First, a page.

Great to hear from Justin Gutmann who is still working in the industry at 74 and has had an illustrious and varied career across the sector, including stints at the Engineering Industry Training Board, BBC, IFF, BPRI, London Underground, Harris, Consumer Futures and Citizens Advice. Justin has also been trekking all of his life, including most of the long-distance trails in the UK, Pyrenees, Alps and Dolomites.
So, how did you get into the industry, and take us through how you got to this point?
My degree was in social science and though I had little idea of a career path I knew that using that knowledge somehow was what I wanted to do in order to earn a crust.
I started my first job in January 1974 as an Assistant Social Survey Officer in the Government Social Survey. Louis Moss, who had set it up during the war, was still there and was an awesome presence. I learnt the survey basics there – sample design, questionnaire design, coding and analysis – and that all these things, whilst immensely important, served only to help in monitoring and developing policy.
But it wasn’t until 1979 that I became involved with market research. Andrew McIntosh, the founder and MD of IFF Research (still flourishing) recruited me. He was a wonderful mentor and friend until his death. He pioneered doing rigorous surveys for B2B MR whether for public or private sector clients. That was also my introduction to the need to win business, do it well and on time, within budget and communicate the results in a way that was meaningful to the client. It was there I met David Smith (founder of DVL Smith and still going strong), another lifelong friend and mentor.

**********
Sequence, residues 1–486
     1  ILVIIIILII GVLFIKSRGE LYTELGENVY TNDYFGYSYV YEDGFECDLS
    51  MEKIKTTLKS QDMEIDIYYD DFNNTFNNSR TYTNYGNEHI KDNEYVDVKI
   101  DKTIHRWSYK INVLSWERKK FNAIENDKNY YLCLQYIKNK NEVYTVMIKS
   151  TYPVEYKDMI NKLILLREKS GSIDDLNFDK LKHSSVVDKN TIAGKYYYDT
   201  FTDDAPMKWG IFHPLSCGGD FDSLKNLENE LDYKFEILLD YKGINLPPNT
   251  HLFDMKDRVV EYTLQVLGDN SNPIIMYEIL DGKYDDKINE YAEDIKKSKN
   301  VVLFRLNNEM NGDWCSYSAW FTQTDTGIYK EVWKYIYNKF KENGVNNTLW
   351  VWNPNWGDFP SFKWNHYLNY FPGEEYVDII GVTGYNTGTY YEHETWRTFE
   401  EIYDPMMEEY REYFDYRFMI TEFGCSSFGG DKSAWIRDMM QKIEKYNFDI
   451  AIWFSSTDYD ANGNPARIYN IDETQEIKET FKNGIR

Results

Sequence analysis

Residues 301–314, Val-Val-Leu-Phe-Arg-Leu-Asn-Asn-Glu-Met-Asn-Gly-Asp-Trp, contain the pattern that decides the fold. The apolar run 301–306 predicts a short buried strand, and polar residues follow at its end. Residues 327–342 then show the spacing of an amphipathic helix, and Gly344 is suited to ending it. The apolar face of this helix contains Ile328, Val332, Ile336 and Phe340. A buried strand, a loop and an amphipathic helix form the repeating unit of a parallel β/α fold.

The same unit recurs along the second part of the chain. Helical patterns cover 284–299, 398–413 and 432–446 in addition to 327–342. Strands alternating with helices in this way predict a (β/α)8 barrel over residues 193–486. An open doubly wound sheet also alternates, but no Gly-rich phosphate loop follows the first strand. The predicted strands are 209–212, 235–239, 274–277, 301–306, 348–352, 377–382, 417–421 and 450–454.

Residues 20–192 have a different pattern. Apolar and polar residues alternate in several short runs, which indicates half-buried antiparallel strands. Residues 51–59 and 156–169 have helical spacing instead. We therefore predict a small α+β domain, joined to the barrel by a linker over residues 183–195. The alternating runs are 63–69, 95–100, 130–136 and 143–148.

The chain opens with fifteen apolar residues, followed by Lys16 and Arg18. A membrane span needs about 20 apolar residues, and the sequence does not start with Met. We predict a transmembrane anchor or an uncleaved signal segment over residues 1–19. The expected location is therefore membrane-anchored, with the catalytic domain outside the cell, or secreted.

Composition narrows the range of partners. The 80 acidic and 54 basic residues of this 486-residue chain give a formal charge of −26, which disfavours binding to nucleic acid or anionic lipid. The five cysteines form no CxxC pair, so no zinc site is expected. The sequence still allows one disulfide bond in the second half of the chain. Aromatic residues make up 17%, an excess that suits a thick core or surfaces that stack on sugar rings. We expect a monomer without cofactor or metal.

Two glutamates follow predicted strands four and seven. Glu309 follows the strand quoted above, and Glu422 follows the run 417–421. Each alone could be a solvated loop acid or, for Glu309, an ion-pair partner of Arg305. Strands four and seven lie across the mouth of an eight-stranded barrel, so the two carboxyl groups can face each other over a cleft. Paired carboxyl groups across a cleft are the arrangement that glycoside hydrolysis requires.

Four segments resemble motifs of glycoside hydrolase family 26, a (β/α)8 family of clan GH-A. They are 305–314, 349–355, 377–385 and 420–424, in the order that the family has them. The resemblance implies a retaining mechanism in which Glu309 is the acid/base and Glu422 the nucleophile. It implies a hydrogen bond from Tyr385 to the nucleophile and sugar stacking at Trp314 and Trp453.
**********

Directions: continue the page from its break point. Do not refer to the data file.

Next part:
The eighties were a time of tremendous change in Britain and also in the market research industry and related businesses like advertising, design, marketing and PR. Many businesses that had been set up by enthusiasts or charismatic entrepreneurs were taken over and consolidated with other businesses, sometimes with great success and sometimes with disastrous results. These were great days, hard work, hard play. Great characters strutted the MR stage – John Goodyear, John Samuels, Wendy Gordon, Rudi Goldschmidt, Dawn Mitchell, Sue Robson, Bill Blyth, Sheila Keegan, Rosie Campbell, Geoffrey Roughton, Kit Molloy, Laurence Curtis….and Jonathan Shingleton (recently deceased).